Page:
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Augustus E. Jordan
Before Virtue: Ethics as Evolutionary Expertise


This paper examines an unexpected convergence between evolutionary and expertise accounts of moral behavior, and explores the implications of this convergence both philosophically (with reference to arguments about free will and conscious choice) and practically (with reference to how one chooses the good). In outline, the paper argues that virtue ethics can best be understood (psychologically, cognitively and neurologically) as a form of expertise. Here the paper explores in depth the prerequisites for moral choice, the biasing effects of practice on choice, and what, from this perspective, it means to choose the good. Then, virtue (expertise) as a cognitive process is assessed relative to other cognitive processes through the lens of natural selection. Finally, the claim is made that, taken together, evolutionary and expertise accounts not only enable a better formulation of the relation between ethical concepts and behavior but also, when this new understanding is put into practice, better enable people in particular contexts to make what we think of as morally relevant conscious choices. That is, evolutionary and expertise oriented approaches fit the data better together than either does alone, and are together more compelling than alternate, competing models. Together, these models provide a more comprehensive understanding of what it means to be human agents.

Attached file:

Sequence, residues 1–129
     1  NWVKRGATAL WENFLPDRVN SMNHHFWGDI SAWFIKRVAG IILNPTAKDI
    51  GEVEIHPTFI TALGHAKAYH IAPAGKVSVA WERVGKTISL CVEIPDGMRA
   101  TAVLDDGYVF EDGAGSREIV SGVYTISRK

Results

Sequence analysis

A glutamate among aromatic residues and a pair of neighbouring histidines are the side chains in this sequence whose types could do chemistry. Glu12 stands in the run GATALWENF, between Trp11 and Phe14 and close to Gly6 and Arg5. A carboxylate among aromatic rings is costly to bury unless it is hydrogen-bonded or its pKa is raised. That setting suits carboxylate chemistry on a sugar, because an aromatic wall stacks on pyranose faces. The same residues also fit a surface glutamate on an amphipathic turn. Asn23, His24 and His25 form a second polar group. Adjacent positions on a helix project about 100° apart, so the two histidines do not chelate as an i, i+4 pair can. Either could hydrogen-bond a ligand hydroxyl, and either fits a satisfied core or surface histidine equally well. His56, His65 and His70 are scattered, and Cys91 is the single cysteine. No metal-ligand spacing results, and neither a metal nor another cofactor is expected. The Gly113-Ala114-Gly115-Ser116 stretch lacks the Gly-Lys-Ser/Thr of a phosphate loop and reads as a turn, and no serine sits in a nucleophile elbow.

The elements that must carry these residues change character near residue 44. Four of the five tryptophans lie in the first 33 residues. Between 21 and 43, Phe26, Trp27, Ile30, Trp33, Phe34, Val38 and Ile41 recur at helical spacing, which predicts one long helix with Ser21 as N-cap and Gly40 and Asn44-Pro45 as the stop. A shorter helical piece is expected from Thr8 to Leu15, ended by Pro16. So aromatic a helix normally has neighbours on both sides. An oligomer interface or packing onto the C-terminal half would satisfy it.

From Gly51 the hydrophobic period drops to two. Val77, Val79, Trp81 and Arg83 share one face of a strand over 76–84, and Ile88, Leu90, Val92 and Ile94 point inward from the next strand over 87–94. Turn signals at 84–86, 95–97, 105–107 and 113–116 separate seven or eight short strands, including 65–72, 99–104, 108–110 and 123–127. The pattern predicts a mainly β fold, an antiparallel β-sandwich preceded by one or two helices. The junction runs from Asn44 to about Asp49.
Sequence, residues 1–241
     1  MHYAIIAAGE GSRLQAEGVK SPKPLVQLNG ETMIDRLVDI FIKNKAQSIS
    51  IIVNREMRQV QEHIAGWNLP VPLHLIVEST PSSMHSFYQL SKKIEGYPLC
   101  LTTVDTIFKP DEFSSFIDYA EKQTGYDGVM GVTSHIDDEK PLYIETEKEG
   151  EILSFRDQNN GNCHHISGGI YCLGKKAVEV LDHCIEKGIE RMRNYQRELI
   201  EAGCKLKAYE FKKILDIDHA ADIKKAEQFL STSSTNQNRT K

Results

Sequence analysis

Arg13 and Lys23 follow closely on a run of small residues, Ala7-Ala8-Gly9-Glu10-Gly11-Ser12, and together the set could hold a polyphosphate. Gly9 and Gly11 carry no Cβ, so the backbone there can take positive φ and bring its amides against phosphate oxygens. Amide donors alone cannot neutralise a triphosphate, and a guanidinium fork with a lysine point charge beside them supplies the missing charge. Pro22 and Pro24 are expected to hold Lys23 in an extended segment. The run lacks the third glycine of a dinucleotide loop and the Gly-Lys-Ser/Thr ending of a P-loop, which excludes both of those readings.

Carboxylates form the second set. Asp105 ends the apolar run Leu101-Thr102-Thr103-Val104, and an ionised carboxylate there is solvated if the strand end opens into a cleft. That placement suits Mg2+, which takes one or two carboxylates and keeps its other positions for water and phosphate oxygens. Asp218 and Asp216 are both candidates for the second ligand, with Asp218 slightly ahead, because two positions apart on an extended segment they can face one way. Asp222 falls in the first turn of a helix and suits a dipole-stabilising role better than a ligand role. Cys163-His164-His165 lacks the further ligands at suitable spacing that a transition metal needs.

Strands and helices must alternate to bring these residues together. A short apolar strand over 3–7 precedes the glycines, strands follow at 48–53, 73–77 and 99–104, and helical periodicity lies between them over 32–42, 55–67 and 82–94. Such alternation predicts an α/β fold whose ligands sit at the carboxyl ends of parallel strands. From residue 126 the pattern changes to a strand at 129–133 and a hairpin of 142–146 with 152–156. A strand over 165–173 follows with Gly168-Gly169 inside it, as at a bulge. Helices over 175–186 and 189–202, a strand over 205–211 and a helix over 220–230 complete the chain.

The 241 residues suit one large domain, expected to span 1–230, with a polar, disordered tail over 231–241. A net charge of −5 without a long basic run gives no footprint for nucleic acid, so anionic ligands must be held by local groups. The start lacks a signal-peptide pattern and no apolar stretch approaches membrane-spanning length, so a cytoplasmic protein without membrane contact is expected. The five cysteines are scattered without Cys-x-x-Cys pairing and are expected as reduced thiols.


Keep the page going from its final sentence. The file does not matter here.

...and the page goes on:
Augustus E. Jordan is Acting Dean of the College at Middlebury College, Assistant Professor of Psychology, and Director of the Scott Center for Spiritual and Religious life.  As Dean of the College, Dr. Jordan administers the Student Life division of the College and oversees a variety of departments and programs on campus that work to enrich the intellectual and personal development of students.  In addition, Dean Jordan is Director of the Scott Center for Spiritual and Religious Life, which sponsors programs for the College community across a wide spectrum of religious, spiritual, and ethical concerns.  Dean Jordan has been at Middlebury since 1996.  He is a licensed psychologist in the State of Vermont, and teaches clinically oriented courses in the Department of Psychology.  He has published on topics ranging from academic dishonesty to professional ethics to family structure and its relation to depression in children.  He received his BA in psychology from Emory University, his MDiv from Yale University, and his PhD in Counseling Psychology from the University of Notre Dame.  He and his wife Laurel, who serves as Chaplain of the College, have been married for 27 years.  They have three children, ages 25, 22, and 17.


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